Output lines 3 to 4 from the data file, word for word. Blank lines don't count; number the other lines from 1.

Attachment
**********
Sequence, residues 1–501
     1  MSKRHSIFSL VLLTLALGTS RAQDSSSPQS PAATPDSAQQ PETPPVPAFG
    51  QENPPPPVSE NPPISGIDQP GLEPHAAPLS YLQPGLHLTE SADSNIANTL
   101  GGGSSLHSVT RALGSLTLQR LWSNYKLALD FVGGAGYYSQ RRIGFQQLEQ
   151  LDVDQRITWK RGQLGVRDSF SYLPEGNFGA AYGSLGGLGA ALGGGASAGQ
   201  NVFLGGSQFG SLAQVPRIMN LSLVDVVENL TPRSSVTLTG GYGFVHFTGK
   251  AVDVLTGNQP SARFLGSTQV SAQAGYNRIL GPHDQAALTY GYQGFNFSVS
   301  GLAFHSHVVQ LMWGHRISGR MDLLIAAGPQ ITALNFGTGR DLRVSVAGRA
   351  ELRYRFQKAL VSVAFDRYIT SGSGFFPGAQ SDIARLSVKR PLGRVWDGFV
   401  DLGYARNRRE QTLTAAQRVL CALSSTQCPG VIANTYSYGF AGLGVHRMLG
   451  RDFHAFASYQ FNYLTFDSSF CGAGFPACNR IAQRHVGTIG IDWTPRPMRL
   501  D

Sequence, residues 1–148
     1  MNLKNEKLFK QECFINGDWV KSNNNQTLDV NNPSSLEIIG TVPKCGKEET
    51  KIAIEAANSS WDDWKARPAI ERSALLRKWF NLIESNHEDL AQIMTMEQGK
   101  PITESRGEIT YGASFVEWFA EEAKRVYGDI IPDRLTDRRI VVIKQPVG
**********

    51  QENPPPPVSE NPPISGIDQP GLEPHAAPLS YLQPGLHLTE SADSNIANTL
   101  GGGSSLHSVT RALGSLTLQR LWSNYKLALD FVGGAGYYSQ RRIGFQQLEQ